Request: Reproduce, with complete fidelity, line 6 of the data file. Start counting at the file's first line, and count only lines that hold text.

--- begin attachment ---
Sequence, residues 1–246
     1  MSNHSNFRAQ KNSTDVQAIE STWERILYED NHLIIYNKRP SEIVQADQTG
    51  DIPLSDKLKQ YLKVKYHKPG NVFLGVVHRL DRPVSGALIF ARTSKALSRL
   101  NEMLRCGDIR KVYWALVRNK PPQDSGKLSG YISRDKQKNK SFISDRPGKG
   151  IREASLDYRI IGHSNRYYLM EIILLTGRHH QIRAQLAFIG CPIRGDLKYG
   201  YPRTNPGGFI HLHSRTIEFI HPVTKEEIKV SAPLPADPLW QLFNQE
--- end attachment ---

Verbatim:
   201  YPRTNPGGFI HLHSRTIEFI HPVTKEEIKV SAPLPADPLW QLFNQE